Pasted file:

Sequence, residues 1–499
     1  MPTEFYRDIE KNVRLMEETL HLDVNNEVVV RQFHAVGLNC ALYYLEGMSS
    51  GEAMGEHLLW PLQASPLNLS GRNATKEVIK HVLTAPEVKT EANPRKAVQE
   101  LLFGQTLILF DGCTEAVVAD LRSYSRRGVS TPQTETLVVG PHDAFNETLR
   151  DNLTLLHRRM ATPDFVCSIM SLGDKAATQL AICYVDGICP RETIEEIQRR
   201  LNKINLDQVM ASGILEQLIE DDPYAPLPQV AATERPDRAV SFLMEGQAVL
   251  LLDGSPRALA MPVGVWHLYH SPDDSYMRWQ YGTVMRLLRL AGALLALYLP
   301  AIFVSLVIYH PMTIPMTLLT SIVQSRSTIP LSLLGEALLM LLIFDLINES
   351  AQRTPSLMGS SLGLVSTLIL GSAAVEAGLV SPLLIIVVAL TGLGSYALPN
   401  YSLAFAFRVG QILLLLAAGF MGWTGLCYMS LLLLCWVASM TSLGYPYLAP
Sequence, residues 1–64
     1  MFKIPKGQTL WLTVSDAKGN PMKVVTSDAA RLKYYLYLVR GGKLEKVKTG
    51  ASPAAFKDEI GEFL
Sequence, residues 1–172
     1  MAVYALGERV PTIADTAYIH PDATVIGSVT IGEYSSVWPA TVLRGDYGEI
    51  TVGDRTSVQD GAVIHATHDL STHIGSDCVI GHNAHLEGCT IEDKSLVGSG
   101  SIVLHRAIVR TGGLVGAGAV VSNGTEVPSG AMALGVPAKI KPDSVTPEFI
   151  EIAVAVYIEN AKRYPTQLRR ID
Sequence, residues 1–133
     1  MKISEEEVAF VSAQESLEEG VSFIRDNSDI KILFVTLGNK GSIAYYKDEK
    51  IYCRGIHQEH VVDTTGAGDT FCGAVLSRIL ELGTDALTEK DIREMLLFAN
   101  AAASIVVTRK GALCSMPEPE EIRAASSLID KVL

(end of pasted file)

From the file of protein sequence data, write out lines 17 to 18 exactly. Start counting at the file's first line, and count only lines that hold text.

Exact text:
   101  SIVLHRAIVR TGGLVGAGAV VSNGTEVPSG AMALGVPAKI KPDSVTPEFI
   151  EIAVAVYIEN AKRYPTQLRR ID